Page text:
Sam Baker, editor of women’s monthly Red and author (her 2005 debut novel was described by Time as one of the breakthroughs of that summer), is a pretty busy lady. Having formerly edited Company, breathed life back into Just Seventeen and has in general had a career that we would be pretty happy to have ourselves.

Below we talk to her about her career so far: what she’s done, how she’s done it and what it’s like to edit a monthly mag.

Did you always want to work in journalism?

Yes, after I’d eliminated wanting to be an actress, doctor, astronaut… All the usual things.

Did you go to university? If so, what did you study?

Yes. Initially I considered skipping uni and doing a journalism specific training course at the London College of Printing. I applied at the same time as I applied for university, but was rejected. The interviewing panel apparently thought I ‘didn’t have what it took to make it in magazines’. That was a great motivator! I went to Birmingham University and studied politics, learnt to type and temped my way into journalism.

Why magazines?

I love the relationship magazines have with their reader. I grew up reading Twinkle, Jackie, Smash Hits, Just Seventeen, Cosmo. A good magazine speaks to its reader in a way no newspaper ever can. I’ve never regretted it.

What was the ‘big break’ of your career?

I was very very lucky. After I worked for a while in book publishing (I had basically taken the first job I could get) I took a risk, handed in my notice and signed up for a temp agency. My second temp job was covering for the PA to the Editor of Chat magazine who had just not returned from maternity leave. I was a pretty lousy PA to be honest, but I was constantly volunteering to write little news stories and eventually they took me on as Practicals Assistant (basically assisting fashion, beauty homes, food and health ie everything that’s not features) – probably just to shut me up!

You used to be editor-in-chief at Cosmopolitan – it’s an iconic magazine, so what was that like?

It was an amazing experience. It was the magazine I read at university so to get the opportunity to edit it – and meet the iconic Helen Gurley Brown – was something I’ll always be grateful for. But when the opportunity came up to edit Red, I couldn’t say no. I had worked on the dummies (pre-launch) when I was much more junior, and always felt it was ‘my magazine’. It just felt meant to be.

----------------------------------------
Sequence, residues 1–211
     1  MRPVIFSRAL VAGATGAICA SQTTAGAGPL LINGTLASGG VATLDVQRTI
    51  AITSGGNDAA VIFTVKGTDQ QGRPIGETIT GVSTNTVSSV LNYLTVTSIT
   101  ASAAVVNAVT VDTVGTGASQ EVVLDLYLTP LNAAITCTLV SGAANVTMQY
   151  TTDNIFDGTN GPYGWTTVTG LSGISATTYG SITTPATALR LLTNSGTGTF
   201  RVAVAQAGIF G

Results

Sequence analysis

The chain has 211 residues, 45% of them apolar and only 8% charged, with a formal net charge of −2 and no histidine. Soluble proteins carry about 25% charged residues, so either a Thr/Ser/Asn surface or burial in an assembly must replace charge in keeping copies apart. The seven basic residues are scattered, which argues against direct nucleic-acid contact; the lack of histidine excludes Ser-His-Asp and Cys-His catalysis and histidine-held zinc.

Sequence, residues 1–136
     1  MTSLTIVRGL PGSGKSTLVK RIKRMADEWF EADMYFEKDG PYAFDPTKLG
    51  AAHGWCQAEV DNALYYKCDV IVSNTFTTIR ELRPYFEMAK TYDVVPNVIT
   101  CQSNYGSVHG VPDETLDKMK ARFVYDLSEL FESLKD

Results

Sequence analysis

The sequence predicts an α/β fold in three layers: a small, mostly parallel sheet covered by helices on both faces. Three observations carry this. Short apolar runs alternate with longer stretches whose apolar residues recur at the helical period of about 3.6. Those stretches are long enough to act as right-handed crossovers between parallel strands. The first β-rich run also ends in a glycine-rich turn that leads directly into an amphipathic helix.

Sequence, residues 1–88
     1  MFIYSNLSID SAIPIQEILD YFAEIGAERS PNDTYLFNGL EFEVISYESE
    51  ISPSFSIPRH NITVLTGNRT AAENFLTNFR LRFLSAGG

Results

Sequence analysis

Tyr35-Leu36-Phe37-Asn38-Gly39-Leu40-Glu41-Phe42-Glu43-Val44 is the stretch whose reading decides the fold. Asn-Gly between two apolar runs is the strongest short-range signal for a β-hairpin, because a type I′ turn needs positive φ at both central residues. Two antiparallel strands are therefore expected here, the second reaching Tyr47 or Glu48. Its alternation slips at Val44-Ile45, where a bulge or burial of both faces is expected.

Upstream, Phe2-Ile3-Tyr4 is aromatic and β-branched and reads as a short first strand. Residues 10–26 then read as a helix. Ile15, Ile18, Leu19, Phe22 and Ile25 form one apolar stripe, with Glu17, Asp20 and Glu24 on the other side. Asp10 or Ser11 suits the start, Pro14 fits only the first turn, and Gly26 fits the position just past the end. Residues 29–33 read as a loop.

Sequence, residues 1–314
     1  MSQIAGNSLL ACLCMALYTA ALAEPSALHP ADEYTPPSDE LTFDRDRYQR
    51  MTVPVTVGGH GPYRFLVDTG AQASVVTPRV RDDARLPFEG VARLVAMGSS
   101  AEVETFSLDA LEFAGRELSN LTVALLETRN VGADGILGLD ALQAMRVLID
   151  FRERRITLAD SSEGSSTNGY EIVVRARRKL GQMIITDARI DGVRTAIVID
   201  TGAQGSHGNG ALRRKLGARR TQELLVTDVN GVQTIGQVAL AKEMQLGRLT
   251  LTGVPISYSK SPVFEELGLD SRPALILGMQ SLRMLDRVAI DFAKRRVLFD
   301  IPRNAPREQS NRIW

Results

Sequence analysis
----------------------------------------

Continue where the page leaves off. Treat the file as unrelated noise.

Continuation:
What’s the best part of editing Red?

Everything. I love the day to day process of putting a magazine together, I love meeting the reader, I love the fact that on a magazine like Red (that is not part of a big international brand group, like Cosmo is) you are in control of your own destiny.

And the worst?

It’s a good thing and a bad thing, but it’s no longer possible to just be an ‘editor’. These days the editor runs the show – you’re the brand ambassador, you’re a marketeer, you sell the brand, you host events, you have to oversee the online operation. All amazing opportunities, but am I a journalist any more? Very rarely.

What would you say the highlight of your career so far has been?

Too many to say. I’m very proud of the Red’s Hot Women awards, which I launched two years ago. I’m proud of my relaunch of Just Seventeen to J17 (a few years ago now), interviewing the party leaders the election before last and getting all over the papers was a big coup too. I couldn’t name just one thing.

You’ve also had novels published. Which do you prefer: magazine editing or book writing?

The two things are complementary. Editing a magazine is running a business, writing novels allows me to use an entirely different part of my brain. I’m very fortunate to be able to do both.

How can someone who wants to work in magazines make their application for work experience/jobs stand out from the others?

God, this is a hard question. Work experience/interning almost comes as standard now. Although you’d be surprised that you do still get people who come into do work experience who don’t make the most of the opportunity. Make yourself indispensible, do everything you’re asked and more. Watch, listen, learn, make sure you’re noticed (but don’t stalk!) and don’t be afraid to ask for advice.

What is your advice for anyone trying to break into journalism?

I recently employed a new PA, Marisa Bate – I had several hundred applicants and nearly all of them already had work experience. At one point I thought I’d never find someone who stood out from the crowd – but I did. Marisa, what would you say?

Marisa’s advice: I’d say all the obvious but really important things. Make sure you triple check everything, find out the name of a particular person (‘Dear Sir/Madam’ will turn people off from the start), avoid clichés (nobody wants to hear you have a ‘passion for fashion’), and keep it short and to the point – the chances are the person reading it is very busy and will make their decision to continue reading or not in the first sentence. Always make sure you tailor the cover letter and CV to that specific role at that specific magazine. Be knowledgeable about the magazine, polite and super, super keen.

Check out the Red website and follow Sam on Twitter: @SamAtRedMag.


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